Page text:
Tagged with the Book Meme
Total number of books in your house
too many to count - maybe 600-1000. I collect books for the various crafts that interest me, as well as cookbooks, gardening, animal care and yoga. I love used book stores and usually have at least a dozen paperback novels waiting for a turn at " restful reading", although I don't allow myself enough rest time to get to them much. My husband is an anthropologist/historian, so we never get rid of any of his books.. the office is lined with bookshelves up to the ceiling, and there are shelves in other rooms, too. I guess you could say I live in a book house more than a wool house.
Last book bought
The Letterbox Companion by Randy Hall - for those not familiar with letterboxing (and I wasn't until I bought this book when I ordered shoes for my husband from REI last week), people follow clues to find a letterbox where they use their personal rubber stamp to stamp the box's logbook and use the stamp they find in the letterbox to stamp their own personal journal. There are currently 15,770 letterbox sites in North America; a list of clues is here.
Last book read
Danger on Peaks, by Gary Snyder This is Snyder's latest book. To me, he is the Poet Laureate of present-day U.S., speaking out about issues surrounding nature, relationships, and spirituality strongly for 50 years, and also continuing to teach in the English Department at University of California, Davis. He also lives on the next ridge over from me, and is an environmental activist, with a low-key manner and a great sense of humor.
5 (or 6) book you often read or that mean a lot to you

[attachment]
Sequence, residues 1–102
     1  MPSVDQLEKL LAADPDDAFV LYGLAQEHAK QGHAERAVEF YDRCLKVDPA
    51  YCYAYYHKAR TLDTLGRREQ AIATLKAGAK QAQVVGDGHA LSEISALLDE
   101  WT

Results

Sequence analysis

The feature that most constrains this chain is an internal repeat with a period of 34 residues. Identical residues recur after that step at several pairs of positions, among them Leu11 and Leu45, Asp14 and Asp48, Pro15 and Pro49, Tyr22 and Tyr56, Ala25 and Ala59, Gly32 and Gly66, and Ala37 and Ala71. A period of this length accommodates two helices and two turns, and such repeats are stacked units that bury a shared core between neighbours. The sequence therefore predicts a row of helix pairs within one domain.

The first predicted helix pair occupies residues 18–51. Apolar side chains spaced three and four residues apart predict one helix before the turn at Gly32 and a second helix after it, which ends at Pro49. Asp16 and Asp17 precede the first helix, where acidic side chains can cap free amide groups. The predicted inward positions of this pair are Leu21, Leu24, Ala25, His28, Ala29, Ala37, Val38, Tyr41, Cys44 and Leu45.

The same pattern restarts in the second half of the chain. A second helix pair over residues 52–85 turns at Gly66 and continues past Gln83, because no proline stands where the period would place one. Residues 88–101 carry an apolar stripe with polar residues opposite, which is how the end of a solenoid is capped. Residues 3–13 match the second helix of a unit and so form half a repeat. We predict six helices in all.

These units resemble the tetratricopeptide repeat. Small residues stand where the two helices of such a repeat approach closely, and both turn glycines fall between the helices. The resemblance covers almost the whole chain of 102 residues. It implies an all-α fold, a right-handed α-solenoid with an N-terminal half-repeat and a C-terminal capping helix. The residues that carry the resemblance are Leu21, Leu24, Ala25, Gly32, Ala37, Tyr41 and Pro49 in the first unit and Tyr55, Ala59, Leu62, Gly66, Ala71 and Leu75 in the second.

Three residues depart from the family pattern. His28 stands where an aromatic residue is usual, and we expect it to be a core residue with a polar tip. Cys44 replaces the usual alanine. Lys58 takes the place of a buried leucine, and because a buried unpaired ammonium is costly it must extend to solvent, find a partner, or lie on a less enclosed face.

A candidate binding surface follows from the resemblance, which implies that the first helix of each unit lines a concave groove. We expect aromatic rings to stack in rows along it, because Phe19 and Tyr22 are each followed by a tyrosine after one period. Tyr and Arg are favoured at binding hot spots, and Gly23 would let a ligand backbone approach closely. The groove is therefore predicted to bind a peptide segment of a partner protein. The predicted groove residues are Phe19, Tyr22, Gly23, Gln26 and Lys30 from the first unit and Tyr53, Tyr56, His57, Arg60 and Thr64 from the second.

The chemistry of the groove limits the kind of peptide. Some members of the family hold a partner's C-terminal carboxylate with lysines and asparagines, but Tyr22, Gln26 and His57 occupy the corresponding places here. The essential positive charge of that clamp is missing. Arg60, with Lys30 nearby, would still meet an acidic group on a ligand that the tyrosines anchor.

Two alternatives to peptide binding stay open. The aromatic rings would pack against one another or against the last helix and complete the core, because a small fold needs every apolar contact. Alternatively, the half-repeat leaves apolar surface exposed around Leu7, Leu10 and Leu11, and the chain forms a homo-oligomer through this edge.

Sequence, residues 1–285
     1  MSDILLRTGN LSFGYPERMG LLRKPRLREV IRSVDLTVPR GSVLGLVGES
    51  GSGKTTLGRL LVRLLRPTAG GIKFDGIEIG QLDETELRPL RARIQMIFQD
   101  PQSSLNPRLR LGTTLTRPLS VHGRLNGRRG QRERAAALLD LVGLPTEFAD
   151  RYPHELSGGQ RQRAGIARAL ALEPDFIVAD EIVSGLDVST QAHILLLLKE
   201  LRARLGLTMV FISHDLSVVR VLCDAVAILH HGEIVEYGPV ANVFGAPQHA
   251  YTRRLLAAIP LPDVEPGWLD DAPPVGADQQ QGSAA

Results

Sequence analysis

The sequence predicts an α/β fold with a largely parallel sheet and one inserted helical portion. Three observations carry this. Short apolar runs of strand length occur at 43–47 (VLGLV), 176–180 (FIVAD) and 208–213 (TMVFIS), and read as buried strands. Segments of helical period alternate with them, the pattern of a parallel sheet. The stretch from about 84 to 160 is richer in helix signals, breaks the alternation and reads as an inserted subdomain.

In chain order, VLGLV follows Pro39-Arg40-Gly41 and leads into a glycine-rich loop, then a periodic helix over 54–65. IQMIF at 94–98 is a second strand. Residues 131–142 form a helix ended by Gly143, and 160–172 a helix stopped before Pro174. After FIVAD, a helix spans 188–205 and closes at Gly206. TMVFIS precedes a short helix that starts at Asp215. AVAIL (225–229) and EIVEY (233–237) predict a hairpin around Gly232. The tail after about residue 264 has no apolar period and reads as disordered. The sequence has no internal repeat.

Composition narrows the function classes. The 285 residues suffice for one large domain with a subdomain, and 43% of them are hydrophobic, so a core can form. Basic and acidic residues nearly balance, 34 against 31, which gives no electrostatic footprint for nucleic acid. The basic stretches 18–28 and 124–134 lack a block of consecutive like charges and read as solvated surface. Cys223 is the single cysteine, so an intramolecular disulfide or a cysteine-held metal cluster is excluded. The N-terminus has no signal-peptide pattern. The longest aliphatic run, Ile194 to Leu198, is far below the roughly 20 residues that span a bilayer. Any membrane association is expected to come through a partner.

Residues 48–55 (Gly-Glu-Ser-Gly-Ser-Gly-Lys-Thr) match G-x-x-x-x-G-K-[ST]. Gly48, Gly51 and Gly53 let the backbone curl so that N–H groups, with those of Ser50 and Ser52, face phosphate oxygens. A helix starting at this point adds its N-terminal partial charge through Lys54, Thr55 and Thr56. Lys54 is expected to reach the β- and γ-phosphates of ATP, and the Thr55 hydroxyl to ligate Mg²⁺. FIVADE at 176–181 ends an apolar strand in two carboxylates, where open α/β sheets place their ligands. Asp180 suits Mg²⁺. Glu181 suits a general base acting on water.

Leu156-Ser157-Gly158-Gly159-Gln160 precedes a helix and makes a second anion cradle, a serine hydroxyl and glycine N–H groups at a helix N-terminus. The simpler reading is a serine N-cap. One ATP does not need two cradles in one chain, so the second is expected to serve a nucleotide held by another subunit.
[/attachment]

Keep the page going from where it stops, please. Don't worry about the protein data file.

It would be impossible to limit myself to just 5 or 6, as I have been a voracious reader since I was a child (think of the Langoliers, from Steven King's novel of the same title, when you think "voracious"). Instead, I will offer a few favorites from several categories:
My knitting self:Knitting Without Tears, by Elizabeth Zimmerman This book changed my outlook towards knitting when I first read it about 13 years ago...
Relationships: Spiritual Midwifery, by Ina May Gaskin, which I read over and over through my giving birth years, and while I taught childbirth classes to others. As a result of first reading this book, I gave birth to all three of my natural children at home. Also, Codependent No More, by Melody Beattie, which helped me become a much stronger person fifteen years ago.
Spirituality: The Long Road Turns to Joy: A Guide to Walking Meditation
by Thich Nhat Hanh. There are many others as my spiritual beliefs are a blend of the Catholicism of my childhood, including the Franciscans I spent much time with in my twenties, as well as zen buddhism and the powerful influence of the natural world I have lived in close contact with for the past thirty years.
Poetry: Rivers and Mountains Without End, by Gary Snyder, a modern epic poem. I also like Cowboy poetry.
Fiction: As I was telling Marguerite Louise, in response to her recent post about reading, I have read all of Jane Austin's books at least three times. Also The Red Tent, by Anita Diamont, Jo-Ann Mapson's books, Loving Chloe and Shadow Ranch (she writes beautifully about human foibles) and all of Barbara Kingsolver's books.
Social Issues: There are two books that strongly shaped my social conciousness that stand out. The first was Leon Uris' novel, Trinity, which addressed the conflict between Catholics and Protestants. I read it in high school. I had never experienced discrimination as a Catholic growing up in the US, and it opened my eyes to the idea that people could hate each other for any number of perceived differences. The second book, whose title I have forgotten over the years,addressed the Harlan County coal strike. I grew up in a union family, but didn't fully understand the need to fight against inequity as a group until I read this book. I have since made that one of my life missions.
I could go on, but will stop with this. I am tagging Marguerite Louise, as I am anxious to see what she will write. For those of you who haven't found her blog, Oddysseuse on the Move, you are in for a treat. She is a retired Humanities teacher with a very fine mind.